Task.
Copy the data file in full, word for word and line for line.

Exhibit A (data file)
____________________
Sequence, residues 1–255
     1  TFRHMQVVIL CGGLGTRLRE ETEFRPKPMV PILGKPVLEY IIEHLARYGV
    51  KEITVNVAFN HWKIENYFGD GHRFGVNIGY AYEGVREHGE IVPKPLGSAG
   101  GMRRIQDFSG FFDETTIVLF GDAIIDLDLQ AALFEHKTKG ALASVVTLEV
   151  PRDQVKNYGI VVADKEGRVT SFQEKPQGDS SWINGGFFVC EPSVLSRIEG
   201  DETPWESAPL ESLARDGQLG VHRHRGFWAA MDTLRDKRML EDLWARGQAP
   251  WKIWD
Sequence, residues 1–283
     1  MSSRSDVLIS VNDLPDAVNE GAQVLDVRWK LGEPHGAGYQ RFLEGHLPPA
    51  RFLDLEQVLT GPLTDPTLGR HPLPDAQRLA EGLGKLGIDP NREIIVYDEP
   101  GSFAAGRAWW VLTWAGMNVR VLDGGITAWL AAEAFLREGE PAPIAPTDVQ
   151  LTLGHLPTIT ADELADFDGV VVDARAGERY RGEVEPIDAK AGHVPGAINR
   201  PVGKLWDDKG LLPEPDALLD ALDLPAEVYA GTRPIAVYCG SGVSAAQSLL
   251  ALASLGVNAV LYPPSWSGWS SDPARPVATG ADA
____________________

Sequence, residues 1–255
     1  TFRHMQVVIL CGGLGTRLRE ETEFRPKPMV PILGKPVLEY IIEHLARYGV
    51  KEITVNVAFN HWKIENYFGD GHRFGVNIGY AYEGVREHGE IVPKPLGSAG
   101  GMRRIQDFSG FFDETTIVLF GDAIIDLDLQ AALFEHKTKG ALASVVTLEV
   151  PRDQVKNYGI VVADKEGRVT SFQEKPQGDS SWINGGFFVC EPSVLSRIEG
   201  DETPWESAPL ESLARDGQLG VHRHRGFWAA MDTLRDKRML EDLWARGQAP
   251  WKIWD
Sequence, residues 1–283
     1  MSSRSDVLIS VNDLPDAVNE GAQVLDVRWK LGEPHGAGYQ RFLEGHLPPA
    51  RFLDLEQVLT GPLTDPTLGR HPLPDAQRLA EGLGKLGIDP NREIIVYDEP
   101  GSFAAGRAWW VLTWAGMNVR VLDGGITAWL AAEAFLREGE PAPIAPTDVQ
   151  LTLGHLPTIT ADELADFDGV VVDARAGERY RGEVEPIDAK AGHVPGAINR
   201  PVGKLWDDKG LLPEPDALLD ALDLPAEVYA GTRPIAVYCG SGVSAAQSLL
   251  ALASLGVNAV LYPPSWSGWS SDPARPVATG ADA